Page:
Once you have Notification Center open, there are a few things you can do in it. First, note that if you have Calendar set to use Notification Center, it shows upcoming events. Second, you can dismiss notifications by clicking the X button to the right of a category. That’s useful for acknowledging that you’ve seen all the tweets that are showing, for instance, and you want to make room for new ones.

Most of the time, the notification will be all you need, but in some cases, such as calendar events, it may be a trigger that reminds you to do something, such as change the time or add location information to the event. To open Calendar and jump quickly to the event, just click the notification in Notification Center. This seems to work a little sporadically with notifications generated by Safari and Google Chrome.

There is one special item in Notification Center: Share buttons that appear at the top if you have set up a Twitter or Facebook account in Mail, Contacts & Calendar. It’s self-explanatory — click the Click to Tweet or Click to Post button, enter your message, and click Send. If you don’t want to waste space on the Share buttons, turn them off in the app list in the Notifications preference pane. Before OS X 10.8.2, Notification Center didn’t automatically shorten URLs; now it does.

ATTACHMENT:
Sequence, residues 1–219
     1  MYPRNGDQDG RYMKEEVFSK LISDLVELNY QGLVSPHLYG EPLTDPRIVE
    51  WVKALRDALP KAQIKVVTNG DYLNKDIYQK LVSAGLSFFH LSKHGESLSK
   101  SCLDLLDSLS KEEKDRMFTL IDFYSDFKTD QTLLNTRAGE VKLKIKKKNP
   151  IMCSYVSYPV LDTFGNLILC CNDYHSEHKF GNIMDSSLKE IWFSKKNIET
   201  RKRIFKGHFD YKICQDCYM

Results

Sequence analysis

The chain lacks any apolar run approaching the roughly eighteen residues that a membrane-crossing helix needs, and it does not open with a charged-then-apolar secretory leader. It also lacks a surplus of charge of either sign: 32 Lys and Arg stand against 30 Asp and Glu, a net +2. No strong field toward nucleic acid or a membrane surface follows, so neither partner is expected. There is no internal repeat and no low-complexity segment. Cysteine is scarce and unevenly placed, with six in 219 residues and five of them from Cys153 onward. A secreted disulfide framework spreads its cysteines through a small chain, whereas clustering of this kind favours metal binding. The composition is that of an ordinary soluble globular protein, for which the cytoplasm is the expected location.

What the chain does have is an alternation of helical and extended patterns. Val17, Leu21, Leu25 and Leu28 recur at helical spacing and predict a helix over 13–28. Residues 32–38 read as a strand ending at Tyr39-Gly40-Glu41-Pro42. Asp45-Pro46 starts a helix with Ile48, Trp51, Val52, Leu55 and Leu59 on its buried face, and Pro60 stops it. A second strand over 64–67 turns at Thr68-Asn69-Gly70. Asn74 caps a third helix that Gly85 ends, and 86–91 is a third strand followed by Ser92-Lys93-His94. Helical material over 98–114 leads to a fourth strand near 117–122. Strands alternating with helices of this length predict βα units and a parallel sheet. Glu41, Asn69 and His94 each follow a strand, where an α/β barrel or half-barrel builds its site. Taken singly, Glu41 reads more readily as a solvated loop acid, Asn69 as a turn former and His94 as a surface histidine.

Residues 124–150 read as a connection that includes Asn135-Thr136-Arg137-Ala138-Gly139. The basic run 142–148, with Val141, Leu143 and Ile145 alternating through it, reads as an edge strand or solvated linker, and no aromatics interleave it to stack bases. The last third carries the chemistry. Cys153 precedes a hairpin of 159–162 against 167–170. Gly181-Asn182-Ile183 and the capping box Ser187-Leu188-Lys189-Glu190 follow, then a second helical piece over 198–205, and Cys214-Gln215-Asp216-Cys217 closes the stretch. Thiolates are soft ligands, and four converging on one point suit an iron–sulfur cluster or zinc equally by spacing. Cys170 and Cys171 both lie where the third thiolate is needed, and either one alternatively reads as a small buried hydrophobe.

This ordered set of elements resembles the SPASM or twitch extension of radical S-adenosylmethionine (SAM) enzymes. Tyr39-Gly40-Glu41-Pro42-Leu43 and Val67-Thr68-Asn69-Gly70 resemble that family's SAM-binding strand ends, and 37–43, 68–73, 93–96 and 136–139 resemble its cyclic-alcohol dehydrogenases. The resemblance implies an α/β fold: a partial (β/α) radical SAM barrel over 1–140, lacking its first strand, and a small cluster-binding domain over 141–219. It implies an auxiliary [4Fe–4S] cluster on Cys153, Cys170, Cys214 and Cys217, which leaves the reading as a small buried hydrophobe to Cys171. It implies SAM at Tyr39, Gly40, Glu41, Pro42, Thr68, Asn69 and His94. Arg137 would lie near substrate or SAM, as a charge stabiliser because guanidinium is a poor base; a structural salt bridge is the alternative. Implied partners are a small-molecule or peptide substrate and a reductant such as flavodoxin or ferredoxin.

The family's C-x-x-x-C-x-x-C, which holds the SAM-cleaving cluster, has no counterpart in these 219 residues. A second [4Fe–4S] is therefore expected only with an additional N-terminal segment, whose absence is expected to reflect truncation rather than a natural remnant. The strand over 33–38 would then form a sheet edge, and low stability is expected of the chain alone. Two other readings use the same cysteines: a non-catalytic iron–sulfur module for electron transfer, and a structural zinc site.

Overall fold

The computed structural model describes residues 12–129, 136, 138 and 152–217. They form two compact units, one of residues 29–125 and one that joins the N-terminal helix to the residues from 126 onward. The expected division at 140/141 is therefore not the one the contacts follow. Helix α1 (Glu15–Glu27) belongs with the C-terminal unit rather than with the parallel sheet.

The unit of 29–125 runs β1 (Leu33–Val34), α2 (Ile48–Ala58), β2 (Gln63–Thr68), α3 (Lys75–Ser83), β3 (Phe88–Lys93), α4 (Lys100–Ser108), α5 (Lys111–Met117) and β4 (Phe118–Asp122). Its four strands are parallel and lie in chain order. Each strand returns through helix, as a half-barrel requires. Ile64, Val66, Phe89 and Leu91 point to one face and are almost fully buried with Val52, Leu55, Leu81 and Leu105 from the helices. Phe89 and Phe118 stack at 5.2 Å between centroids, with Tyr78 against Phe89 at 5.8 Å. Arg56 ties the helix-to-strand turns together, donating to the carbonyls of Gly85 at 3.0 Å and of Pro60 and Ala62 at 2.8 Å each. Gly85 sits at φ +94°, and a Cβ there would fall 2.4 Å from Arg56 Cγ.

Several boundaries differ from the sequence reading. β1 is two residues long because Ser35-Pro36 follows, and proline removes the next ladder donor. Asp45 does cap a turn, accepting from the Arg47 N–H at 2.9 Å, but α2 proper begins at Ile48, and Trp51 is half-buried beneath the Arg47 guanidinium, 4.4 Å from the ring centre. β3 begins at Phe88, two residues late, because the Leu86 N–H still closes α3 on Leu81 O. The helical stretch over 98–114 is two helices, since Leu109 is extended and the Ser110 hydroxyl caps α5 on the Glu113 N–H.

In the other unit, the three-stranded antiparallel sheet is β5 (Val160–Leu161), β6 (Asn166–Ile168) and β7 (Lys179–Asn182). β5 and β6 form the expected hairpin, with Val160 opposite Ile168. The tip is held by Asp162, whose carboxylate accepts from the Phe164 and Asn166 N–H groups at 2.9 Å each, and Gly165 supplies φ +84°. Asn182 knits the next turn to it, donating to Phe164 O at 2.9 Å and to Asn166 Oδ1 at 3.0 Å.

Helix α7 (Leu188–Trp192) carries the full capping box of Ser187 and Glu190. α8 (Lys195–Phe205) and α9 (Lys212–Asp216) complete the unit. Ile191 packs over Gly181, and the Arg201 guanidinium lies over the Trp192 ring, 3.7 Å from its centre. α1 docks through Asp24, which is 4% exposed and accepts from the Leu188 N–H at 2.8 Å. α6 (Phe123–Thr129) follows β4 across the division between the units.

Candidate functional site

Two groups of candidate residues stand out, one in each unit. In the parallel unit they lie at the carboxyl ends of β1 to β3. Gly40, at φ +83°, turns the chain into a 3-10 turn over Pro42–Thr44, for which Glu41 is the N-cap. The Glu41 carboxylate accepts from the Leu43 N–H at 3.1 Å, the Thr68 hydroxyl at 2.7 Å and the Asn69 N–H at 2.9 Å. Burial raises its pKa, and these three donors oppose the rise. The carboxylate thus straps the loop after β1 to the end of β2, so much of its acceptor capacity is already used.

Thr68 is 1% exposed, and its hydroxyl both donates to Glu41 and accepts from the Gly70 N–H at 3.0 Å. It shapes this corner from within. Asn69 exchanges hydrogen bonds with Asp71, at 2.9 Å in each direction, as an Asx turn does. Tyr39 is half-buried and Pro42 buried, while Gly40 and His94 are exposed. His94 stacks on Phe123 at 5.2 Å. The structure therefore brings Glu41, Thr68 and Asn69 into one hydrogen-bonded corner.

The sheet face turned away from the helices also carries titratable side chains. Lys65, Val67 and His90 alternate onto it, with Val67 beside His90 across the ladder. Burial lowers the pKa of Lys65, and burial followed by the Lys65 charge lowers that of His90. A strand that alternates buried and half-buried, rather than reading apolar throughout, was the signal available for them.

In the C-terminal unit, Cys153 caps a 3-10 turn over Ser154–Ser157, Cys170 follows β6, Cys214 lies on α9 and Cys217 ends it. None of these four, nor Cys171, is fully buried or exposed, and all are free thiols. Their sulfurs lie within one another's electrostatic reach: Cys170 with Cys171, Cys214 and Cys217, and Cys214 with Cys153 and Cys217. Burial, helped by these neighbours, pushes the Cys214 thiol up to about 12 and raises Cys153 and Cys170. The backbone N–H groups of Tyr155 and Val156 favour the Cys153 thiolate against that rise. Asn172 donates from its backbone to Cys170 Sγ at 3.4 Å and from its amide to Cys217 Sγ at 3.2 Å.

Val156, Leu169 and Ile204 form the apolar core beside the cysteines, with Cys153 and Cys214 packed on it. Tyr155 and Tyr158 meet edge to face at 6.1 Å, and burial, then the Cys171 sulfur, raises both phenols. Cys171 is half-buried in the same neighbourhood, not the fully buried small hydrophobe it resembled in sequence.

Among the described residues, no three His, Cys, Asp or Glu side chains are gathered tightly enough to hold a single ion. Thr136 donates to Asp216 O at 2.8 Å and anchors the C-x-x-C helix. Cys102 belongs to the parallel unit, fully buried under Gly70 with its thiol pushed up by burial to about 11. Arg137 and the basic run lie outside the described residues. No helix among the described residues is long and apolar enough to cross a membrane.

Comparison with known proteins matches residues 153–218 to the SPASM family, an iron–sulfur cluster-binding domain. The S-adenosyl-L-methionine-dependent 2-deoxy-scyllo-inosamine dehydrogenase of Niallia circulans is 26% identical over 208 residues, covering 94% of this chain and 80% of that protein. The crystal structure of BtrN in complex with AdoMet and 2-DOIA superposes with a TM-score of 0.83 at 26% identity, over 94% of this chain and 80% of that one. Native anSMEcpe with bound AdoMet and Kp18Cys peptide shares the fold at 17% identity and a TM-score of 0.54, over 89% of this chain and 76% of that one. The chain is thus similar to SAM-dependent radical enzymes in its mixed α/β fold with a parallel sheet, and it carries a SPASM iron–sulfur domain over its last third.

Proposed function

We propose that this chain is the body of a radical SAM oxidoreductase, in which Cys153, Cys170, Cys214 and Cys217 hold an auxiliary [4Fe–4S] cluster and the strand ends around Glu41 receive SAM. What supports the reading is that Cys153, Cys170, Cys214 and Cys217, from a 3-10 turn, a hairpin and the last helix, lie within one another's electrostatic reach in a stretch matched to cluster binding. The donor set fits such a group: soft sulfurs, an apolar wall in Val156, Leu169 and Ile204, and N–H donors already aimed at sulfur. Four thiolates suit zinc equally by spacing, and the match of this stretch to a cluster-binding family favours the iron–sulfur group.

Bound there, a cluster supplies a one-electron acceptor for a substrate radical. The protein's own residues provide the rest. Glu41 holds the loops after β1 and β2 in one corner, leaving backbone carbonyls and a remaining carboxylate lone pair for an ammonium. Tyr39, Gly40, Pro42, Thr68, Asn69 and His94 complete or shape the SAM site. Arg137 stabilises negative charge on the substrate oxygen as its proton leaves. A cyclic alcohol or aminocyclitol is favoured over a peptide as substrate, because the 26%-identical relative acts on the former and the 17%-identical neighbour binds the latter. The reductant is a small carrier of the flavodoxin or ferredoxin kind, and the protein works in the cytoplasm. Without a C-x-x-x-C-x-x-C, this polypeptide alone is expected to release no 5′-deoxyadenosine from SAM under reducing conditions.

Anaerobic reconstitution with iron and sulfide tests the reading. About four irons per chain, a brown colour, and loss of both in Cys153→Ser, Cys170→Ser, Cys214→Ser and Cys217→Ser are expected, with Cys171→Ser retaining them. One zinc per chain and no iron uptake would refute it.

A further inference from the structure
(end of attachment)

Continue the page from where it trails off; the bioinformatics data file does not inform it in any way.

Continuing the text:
The Once and Future Growl — Before the Notifications feature appeared in Mountain Lion, and before it even debuted in iOS, there was Growl. This open-source notification manager provides a central control center for notifications from over 300 applications that have integrated Growl support into their code. For many Mac users, Mountain Lion’s Notifications feature does pretty much the same thing as Growl, but, perhaps unsurprisingly, Growl offers far more flexibility and customization. Growl notifications can appear in a variety of styles, and can be customized on a per-application basis. Although Growl was originally free, it’s now
available only through the Mac App Store for $3.99.

Plus, there are a number of extras, such as HardwareGrowler and GrowlTunes, that provide additional features. HardwareGrowler is an application that generates Growl notifications when devices are connected and disconnected from the Mac; supported types of devices include those that use FireWire, USB, Bluetooth, filesystem volumes, and network interfaces. GrowlTunes displays notifications that report on the currently playing track in iTunes. Both are $1.99 through the Mac App Store.

The current version of Growl is 2.0, which integrates directly with Notifications. Notifications from Growl-enabled apps appear in Growl if it’s installed. But if Growl isn’t installed, notifications from Growl-enabled apps use a non-configurable internal version of Growl called Mist in 10.6 Snow Leopard or 10.7 Lion, or use Notifications in 10.8 Mountain Lion. Plus, even if Growl is installed in Mountain Lion, notifications can optionally appear both in Growl and Notifications.